After hearing about Julie Johnson’s campaign for Texas House District 115 from her father, Langbert knew that a smaller campaign would be a good summer internship opportunity. Johnson’s campaign was just starting out over the summer,
so Langbert helped design a youth involvement program to help get local kids involved with the campaign. When she wasn’t working with the youth outreach program, Langbert block walked, called voters and cut turf.
“It’s nice having the knowledge of what goes on behind the scenes of a campaign. Seeing the research being done and getting to know the candidate—that was the intimate connection with the campaign I really valued,” Langbert said. “I’ve spent so much time reading and debating about politics, it was so nice to actually be a part of the action.”
Hockaday students are all taught from a young age to be resilient women; however, the idea of women being taught to be leaders is not always the status quo. Women comprise only 19.3 percent of the House of Representatives and 19.4 percent of the Senate. Having worked with a female candidate, Langbert encourages women to make their voices heard.
“The thought of being a super opinionated woman is intimidating… I want to be likeable, but
I think that sacrificing a little bit of likability for control is worthwhile,” Langbert said. “Empowering people to take that little tiny fraction of control they have and to use it wisely is a very productive use of time.”
Elizabeth Roosevelt has been politically active since she was about nine years old; since then, she has gone with her family to Capitol Hill in D.C. and met with Congressmen about various bills, usually focused on health care.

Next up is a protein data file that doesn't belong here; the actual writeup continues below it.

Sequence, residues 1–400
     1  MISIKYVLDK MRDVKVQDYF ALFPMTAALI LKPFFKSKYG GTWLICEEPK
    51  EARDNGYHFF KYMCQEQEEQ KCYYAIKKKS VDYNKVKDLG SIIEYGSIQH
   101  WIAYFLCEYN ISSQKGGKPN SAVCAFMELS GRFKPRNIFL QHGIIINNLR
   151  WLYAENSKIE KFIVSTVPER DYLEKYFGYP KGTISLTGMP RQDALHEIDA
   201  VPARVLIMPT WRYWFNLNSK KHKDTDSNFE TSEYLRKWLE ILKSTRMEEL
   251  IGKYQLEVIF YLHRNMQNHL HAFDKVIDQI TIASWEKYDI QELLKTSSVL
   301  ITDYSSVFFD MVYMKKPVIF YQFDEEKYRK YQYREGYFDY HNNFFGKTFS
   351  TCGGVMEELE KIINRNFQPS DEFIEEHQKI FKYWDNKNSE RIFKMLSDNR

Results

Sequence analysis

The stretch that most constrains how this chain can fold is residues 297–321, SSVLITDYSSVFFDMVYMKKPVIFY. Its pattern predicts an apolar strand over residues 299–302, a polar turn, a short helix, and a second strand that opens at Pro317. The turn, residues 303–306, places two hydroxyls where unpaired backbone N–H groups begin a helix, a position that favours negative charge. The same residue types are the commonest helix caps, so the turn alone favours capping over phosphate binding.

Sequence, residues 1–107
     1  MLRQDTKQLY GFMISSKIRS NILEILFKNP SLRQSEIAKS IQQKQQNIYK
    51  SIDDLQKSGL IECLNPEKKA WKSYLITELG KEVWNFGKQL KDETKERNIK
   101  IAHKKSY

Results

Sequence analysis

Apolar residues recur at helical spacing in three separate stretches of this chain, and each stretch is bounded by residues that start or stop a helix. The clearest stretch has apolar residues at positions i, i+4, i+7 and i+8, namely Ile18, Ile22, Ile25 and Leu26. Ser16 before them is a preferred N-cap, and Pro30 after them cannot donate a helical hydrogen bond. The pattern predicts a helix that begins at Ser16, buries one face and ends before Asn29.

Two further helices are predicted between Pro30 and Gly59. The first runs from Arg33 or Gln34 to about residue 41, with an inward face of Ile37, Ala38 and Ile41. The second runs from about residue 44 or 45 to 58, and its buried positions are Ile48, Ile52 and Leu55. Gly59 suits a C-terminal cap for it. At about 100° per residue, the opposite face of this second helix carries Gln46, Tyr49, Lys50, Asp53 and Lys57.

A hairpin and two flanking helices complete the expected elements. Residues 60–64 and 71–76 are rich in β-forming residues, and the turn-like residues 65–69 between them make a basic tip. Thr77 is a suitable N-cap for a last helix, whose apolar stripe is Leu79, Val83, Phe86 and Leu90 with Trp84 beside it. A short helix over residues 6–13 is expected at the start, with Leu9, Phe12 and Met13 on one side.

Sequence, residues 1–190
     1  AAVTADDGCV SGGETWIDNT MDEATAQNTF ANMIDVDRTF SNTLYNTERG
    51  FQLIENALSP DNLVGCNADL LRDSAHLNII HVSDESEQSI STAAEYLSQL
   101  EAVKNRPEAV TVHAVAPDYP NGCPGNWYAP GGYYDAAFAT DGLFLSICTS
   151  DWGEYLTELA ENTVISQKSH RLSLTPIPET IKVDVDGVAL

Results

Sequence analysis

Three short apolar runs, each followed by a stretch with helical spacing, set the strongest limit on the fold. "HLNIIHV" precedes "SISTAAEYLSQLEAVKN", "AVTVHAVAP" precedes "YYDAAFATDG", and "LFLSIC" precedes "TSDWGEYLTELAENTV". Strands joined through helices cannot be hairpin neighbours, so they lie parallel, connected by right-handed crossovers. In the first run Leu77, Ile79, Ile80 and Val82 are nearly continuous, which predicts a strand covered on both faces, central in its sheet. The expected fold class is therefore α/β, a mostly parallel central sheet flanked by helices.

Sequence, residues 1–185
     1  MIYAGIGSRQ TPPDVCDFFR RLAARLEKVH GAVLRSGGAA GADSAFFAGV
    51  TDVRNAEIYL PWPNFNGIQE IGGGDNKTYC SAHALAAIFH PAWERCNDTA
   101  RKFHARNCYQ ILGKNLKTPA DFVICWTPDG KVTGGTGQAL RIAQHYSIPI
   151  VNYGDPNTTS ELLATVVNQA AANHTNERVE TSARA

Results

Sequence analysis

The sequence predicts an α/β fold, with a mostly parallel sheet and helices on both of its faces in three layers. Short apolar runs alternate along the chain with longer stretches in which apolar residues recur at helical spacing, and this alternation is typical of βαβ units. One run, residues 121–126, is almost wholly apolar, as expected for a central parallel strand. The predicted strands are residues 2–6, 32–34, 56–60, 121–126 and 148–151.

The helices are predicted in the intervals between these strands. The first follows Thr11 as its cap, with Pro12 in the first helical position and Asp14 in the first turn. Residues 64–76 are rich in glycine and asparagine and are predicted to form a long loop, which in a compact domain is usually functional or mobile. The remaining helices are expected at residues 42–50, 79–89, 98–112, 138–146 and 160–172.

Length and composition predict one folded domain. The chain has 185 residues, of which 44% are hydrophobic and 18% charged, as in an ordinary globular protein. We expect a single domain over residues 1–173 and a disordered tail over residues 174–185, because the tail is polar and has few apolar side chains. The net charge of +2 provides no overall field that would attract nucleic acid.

“It’s a rare opportunity that I am lucky to have, so I try to do things like that whenever I can,” Roosevelt said.
The majority of the time, when she’s not at Capitol Hill, Roosevelt reads the news, pays attention to local election races and follows certain issues, researching ways that she can become involved. For example, if there is a health care bill that she really believes in, Roosevelt will see if there is anything she can sign or do to help pass it.
Delving deeper into her political advocacy, this past summer Roosevelt interned in Congressman Pete Sessions’ office in D.C.. She attended hearings, took notes, answered phone calls, recorded constituents’ opinions on divisive issues and even gave tours of the Capitol to Texas visitors.
In doing her work with Sessions, Roosevelt gained a better knowledge of how politics, both in and outside of the Capitol Building, work.
“Honestly, I got a better understanding of what goes on in the government. It was so cool
to see what goes on in the daily life of a staffer. I learned that I have a lot more to learn, but that’s okay,” Roosevelt said. “I learned a lot of responsibility, especially if a staffer gives you a task like going to a hearing or taking notes, and that taught me better time management skills.”